Students at the University of Arizona College of Medicine – Tucson participate in professional learning communities known as Societies. Within the Societies Program, small groups of students work with each other and a faculty mentor to:
- learn interviewing, physical examination, and patient care skills at the patient bedside;
- develop clinical thinking, documentation and presentation skills;
- and provide consistent and structured exposure to modern concepts of professionalism.
These small groups—a maximum of six students—stay together throughout all four years of medical school. Society groups meet weekly with their mentor during the first two years of medical school for a variety of clinical experiences.
The four-year program encourages meaningful longitudinal relationships among the students in each group and between the students and their mentor. These relationships are important for student wellbeing and establishing sense of community.
Mentors in the Societies Program are chosen from among the College's most distinguished clinician-educators. All are active, respected clinicians who have been recognized for their teaching skills and have devoted much of their academic careers to medical education. When mentors are absent, a mentor-at-large fills in.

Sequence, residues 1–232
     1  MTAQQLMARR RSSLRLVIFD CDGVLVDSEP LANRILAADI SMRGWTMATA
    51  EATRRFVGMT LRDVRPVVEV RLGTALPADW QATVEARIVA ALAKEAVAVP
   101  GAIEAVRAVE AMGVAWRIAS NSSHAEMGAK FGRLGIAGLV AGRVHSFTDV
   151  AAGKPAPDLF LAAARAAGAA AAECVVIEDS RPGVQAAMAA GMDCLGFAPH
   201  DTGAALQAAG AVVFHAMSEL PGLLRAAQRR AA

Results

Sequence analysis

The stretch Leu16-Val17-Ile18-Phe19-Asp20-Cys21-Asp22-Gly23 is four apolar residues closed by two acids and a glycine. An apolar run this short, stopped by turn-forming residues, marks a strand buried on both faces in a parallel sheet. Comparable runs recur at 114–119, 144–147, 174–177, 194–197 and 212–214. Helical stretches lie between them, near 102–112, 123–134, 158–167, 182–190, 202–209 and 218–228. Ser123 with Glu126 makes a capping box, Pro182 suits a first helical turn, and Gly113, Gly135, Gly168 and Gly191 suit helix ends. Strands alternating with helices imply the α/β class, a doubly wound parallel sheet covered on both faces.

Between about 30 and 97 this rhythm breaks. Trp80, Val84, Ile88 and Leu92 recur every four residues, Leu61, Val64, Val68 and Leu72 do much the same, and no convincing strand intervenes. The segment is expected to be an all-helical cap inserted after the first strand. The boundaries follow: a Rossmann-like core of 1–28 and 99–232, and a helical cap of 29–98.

Career advising components are embedded within the program.
Doctor and Patient course (clinical skills training)
Clinical skills training within the Societies Program is robust. Clinical skills sessions with real and standardized patients are coordinated with the basic science material the students are studying, facilitating the meaningful integration of clinical and basic science concepts and real-life applications for clinical thinking skills.
Before the end of Year II, each student will conduct multiple histories and physical examinations during clinical encounters, write numerous "subjective, objective, assessment and plan" (SOAP) notes and perform several oral presentations. Societies Mentors provide both formative and summative feedback, ensuring excellent preparation for ensuing clerkships.